17. 17. What about the law? (Indian perspective) Information Technology Act (Amendment) Act 2008 – Chapter XI  65 – Tempering with computer source documents  66 – Computer related offences  66A – punishment for sending offensive messages through communication services etc.  66B – Punishment for dishonestly receiving stolen computer resources or communication devices  66C – Punishment for identity theft  66D – Punishment for cheating by personation by using computer device  66E – Punishment for violation of privacy  66F – punishment for cyber terrorism  67 – punishment for publishing or transmitting obscene material in electronic form
  18. 18. Major Objectives Create effective cyber crime laws Develop acceptable practices for search and seizure Handle jurisdiction issues Cooperate in international investigations Establish effective public/private sector interaction
  19. 19. Safety tips to avoid Cybercrime Use anti-virus software and firewalls  Dont share access to your - keep them up to date computers with strangers Keep your operating system up to  If you have a Wi-Fi network, date with critical security updates and password protect it patches  Disconnect from the Internet Dont open emails or attachments when not in use from unknown sources  Reevaluate your security on a Use hard-to-guess passwords. Don’t regular basis use words found in a dictionary. Remember that password cracking  Make sure your employees and tools exist family members know this info too! Back-up your computer data on disks or CDs often
  20. 20. Prominent news for Cyber crimes Kevin Mitnick’s (“Condor”) hacking spree cost high-tech companies at least $ 291.8 million over a two year span before his capture David L. Smith, a31 year old programmer ,pleaded guilty to creating the Melissa virus and using an ex-rated web site to spread it through cyberspace, causing $80 million damages. Four high school Kids hacked into a Bay Area internet server and used stolen credit card number to order computer equipment: $200k A temporary employer broke into Forbes, computers, caused a computer crash, that cost Forbes $100,000 to restore
  21. 21. Case study 1 The Chennai city police have busted an international gang involved in cyber crime, with arrest of Deepak Prem Manwani (22), who was caught red handed while breaking into an ATM in the city. The dimensions of the city cops’ achievement can be gauged from the fact that they have netted a man who is on the wanted list of formidable FBI of US. At the time of his detention, he had with him Rs 7.5 lakhs knocked off from two ATMs in T Nagar and Abiramipuram in the city. Prior to that, he had walked away with Rs 50,000 from an ATM in Mumbai. While investigating it was found that his audacious crime career started in the internet café. While browsing the net one day, he got attracted to a site which offered him assistance in breaking into the ATMs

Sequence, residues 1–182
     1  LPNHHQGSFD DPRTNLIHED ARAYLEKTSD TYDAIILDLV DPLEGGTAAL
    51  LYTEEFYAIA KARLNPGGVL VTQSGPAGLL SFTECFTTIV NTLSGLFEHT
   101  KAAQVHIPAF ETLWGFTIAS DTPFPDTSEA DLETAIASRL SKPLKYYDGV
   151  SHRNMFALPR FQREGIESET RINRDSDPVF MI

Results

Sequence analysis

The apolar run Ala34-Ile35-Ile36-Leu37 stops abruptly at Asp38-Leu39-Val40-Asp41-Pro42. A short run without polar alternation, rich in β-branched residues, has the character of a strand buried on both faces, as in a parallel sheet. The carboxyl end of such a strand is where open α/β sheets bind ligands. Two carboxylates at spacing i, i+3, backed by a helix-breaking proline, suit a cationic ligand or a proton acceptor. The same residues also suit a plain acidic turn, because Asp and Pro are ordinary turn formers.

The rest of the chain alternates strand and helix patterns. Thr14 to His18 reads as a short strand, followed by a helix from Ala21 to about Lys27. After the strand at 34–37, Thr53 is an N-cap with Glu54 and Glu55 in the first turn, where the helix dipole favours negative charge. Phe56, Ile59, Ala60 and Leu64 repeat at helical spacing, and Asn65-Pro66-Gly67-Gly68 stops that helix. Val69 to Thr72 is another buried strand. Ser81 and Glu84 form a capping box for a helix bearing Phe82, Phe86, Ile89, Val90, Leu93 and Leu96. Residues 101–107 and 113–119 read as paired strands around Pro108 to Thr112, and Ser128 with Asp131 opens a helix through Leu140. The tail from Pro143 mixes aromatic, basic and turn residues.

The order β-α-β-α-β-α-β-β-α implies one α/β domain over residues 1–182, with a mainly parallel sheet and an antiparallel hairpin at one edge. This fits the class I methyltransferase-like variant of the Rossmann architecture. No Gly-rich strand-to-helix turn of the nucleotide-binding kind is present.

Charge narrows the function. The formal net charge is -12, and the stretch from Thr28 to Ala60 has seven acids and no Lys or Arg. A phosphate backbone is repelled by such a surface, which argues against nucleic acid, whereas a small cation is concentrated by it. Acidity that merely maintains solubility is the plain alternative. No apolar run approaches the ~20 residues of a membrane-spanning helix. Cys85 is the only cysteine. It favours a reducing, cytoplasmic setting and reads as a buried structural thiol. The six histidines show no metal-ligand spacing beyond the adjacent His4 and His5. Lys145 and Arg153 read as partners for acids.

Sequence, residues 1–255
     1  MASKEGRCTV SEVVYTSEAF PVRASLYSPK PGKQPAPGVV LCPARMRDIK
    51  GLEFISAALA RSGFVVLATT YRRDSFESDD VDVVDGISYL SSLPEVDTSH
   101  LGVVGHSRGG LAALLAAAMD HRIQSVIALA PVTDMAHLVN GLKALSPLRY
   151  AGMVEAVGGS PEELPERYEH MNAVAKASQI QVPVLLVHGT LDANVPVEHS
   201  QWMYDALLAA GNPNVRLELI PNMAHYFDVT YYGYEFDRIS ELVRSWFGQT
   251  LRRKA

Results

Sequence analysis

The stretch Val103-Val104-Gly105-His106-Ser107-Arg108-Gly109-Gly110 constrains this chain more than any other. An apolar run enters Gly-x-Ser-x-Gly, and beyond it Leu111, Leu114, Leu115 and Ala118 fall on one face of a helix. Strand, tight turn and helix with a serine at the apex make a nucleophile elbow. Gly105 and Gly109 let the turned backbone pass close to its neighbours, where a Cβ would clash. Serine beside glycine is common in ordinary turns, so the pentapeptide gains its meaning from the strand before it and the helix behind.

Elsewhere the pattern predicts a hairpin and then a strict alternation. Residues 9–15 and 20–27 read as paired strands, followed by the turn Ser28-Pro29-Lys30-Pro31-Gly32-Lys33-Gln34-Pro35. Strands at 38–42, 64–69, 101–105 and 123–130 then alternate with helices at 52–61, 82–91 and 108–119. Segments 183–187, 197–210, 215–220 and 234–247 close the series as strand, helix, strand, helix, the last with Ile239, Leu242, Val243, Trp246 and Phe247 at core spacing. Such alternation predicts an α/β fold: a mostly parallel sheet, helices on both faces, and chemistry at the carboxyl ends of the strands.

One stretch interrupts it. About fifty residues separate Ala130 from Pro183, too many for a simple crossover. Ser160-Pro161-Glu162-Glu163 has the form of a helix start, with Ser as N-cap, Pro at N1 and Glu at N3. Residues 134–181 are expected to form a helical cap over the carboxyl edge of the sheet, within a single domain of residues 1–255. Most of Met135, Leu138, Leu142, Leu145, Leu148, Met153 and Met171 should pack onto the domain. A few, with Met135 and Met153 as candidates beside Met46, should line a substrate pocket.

22. 22. Case study 1 His contacts sitting some where in Europe were ready to give him credit card numbers of few American banks for $5 per card. This site also offered the magnetic codes of these cards, but charged $200 per code. The operators of the site had devised a fascinating idea to get the PIN of the card users. They floated a new site which resembled that of a reputed telecom company. That company has millions of subscribers. The fake site offered the visitors to return $11.75 per head which, the site promoters said, had been collected in excess by mistake from them. Believing that it was a genuine offer from the telecom company in question, several lakh subscribers logged on the site to get back the little money. But in the process parted with their PINs
  23. 23. Case study 1 Armed with all requisite data to hack the bank ATMs, the gang started its systematic looting. Apparently Manwani and many others of his group entered into a deal with the gang behind the site and could purchase any amount of data. Meanwhile, Manwani also managed to generate 30 plastic cards that contained necessary data to enable him to break into ATMs. He was so enterprising that he was able to sell away a few such cards to his contacts in Mumbai. On receipt of large scale complaints from the billed credit card users and banks in the US, the FBI started investigation into the affair and also alerted the CBI Manwani has since been enlarged on bail after interrogation by CBI. But the city police believe that this is the beginning of a major cyber crime.
  24. 24. Case study 2 In 1988 Robert Morris, Jr. a 23 year old graduate student in computer science at Cornell and the son of a NSA computer security expert, wrote an experimental, self replicating, self-propagating program called a worm (99 lines of code) and injected into the internet. He choose to release it from MIT, to disguise the fact that the warm came from Cornell. 60,000 computer site at university sites, hospitals, research facilities, corporations and govt. institutions were affected; the estimated cost of dealing with the worms ranged from $200 to $50,000 for each site. Morris was convicted of violating the computer fraud and Abuse Act; he received 3 years probation, 400 hours of community service and a fine of $10050